Those few milliseconds is where our Buddhist or Mindfulness training comes in. This is where we break habits and notice the conditioned responses. The more we notice, the quicker we notice. The quicker we notice, the less we react from conditioned response. The article goes on to say:

    Freedom, however, can be enacted by both the unconscious and conscious self—and there are neuroscientists who claim that being controlled by our own unconscious brain is hardly an affront to free will. Studies showing that neuroscientists can predict our actions long before we’re aware of them don’t necessarily negate the concept of free will, but they certainly complicate our conception of our own minds.

    https://qz.com/1569158/neuroscientists-read-unconscious-brain-activity-to-predict-decisions/

    This finding doesn't negate free will, it negates the sense of seperation. That's pretty cool.

    Ren_in_black
  • DavidDavid A human residing in Hamilton, Ontario, Canada. Ancestral territory of the Erie, Haudenosaunee, Huron-Wendat, Mississauga and Neutral First Nations Veteran
    edited August 15

    @Ren_in_black said:
    Well said. Also it's a very circular argument.

    One man says "I believe in free will. All my choices are mine." Another may say, "I believe that God's plan is already in place and is simply unfolding in space and time."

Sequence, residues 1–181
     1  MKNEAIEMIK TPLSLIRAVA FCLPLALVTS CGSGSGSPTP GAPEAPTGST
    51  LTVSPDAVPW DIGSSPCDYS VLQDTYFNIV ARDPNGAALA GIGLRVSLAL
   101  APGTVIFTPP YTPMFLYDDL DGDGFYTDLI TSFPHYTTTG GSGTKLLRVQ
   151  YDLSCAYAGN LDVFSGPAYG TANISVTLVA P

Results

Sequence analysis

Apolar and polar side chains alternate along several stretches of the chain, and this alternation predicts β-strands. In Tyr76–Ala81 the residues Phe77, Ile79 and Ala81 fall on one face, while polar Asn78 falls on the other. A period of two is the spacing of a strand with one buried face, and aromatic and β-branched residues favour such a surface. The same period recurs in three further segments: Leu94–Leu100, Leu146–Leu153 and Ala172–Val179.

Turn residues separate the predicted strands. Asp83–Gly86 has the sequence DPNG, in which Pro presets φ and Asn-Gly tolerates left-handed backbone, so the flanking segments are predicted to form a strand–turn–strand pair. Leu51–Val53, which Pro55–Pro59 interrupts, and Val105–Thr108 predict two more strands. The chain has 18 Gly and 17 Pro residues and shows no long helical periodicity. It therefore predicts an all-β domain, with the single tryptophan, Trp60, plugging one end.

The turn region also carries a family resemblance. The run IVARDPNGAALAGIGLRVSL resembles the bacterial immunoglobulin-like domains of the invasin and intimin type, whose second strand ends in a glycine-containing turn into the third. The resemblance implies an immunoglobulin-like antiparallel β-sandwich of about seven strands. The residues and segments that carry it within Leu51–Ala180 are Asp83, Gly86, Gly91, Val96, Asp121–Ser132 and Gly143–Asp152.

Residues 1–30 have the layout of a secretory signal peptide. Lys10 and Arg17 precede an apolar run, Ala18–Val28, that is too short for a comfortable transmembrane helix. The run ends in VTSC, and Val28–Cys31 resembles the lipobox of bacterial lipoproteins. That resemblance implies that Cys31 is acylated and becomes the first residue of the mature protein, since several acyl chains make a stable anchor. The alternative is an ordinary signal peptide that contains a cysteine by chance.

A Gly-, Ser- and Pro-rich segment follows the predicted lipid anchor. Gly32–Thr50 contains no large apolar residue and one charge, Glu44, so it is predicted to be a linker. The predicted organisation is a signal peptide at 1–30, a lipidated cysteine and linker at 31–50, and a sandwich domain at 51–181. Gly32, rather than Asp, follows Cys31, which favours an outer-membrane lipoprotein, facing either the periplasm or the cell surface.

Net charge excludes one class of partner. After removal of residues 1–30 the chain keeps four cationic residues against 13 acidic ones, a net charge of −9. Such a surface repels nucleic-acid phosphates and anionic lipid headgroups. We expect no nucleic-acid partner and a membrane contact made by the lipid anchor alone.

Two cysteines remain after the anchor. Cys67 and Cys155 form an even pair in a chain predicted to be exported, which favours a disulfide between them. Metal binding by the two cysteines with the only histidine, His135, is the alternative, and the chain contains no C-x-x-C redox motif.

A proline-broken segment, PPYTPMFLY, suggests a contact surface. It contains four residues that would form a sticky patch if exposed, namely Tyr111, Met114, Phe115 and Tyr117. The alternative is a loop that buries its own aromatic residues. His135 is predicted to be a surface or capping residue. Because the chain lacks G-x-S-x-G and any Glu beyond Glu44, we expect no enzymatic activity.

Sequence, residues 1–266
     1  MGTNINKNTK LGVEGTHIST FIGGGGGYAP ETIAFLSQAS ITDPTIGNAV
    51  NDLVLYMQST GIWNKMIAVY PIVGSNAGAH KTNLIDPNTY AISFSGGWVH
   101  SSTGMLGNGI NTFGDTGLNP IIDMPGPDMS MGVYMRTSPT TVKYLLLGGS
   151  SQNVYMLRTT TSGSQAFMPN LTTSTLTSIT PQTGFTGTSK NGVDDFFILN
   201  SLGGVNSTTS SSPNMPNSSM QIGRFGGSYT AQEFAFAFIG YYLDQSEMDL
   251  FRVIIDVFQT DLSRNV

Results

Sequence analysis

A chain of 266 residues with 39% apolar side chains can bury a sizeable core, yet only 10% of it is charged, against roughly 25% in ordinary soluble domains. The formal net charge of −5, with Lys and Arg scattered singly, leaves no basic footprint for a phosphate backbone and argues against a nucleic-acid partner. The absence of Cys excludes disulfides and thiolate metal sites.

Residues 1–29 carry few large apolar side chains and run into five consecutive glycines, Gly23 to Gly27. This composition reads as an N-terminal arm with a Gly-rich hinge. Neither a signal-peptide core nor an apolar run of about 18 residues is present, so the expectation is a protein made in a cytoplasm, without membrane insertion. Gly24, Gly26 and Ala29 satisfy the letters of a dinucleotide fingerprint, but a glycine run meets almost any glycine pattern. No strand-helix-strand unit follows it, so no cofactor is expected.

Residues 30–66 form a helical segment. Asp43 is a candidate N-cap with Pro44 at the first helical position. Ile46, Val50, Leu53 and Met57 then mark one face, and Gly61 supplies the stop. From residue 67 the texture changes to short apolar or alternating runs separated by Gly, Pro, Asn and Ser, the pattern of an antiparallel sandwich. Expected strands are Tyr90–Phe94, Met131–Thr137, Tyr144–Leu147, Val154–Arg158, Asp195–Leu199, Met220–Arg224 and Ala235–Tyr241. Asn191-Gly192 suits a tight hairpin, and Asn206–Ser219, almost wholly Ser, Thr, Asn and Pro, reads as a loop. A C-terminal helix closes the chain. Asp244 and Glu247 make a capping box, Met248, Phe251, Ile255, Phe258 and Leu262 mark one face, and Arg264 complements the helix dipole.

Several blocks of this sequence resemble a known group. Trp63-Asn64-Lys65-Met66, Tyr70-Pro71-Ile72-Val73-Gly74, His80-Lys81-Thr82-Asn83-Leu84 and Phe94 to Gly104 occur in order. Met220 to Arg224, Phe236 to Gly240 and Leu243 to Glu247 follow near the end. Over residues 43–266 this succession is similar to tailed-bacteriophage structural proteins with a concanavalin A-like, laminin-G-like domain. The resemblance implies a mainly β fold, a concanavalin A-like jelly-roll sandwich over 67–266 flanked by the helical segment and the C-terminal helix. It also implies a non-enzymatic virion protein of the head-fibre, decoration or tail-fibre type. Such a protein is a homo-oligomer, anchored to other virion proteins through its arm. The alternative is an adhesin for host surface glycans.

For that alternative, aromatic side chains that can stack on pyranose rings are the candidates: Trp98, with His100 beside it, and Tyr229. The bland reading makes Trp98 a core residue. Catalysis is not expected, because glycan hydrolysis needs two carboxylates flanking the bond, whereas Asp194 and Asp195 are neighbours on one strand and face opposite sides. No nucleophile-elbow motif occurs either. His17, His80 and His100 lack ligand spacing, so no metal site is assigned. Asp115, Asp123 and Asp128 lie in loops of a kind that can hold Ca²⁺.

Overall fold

But where did these beliefs come from? Unlikely that we get to pick our beliefs out from a soul menu before we are born. =) The different perceptions must have arisen through the conditions experienced by each person.

    And how did those conditions come about? And around and around it goes.

    What I find funny is both these jokers could be right. Everything could have all been predetermined and boring so we came along as part of the scheme to mix it up a bit. Our decision making ability maybe makes things a bit more exciting.

    Free will could really be the predetermined plan, hahaha.

    We do love our stories.

    Ren_in_black
  • personperson Don't believe everything you think the liminal space Veteran

    Neuroscientists have long known that the brain prepares to act before you’re consciously aware, and there are just a few milliseconds between when a thought is conscious and when you enact it. Those milliseconds give us a chance to consciously reject unconscious impulses, seeming to form a foundation of free will.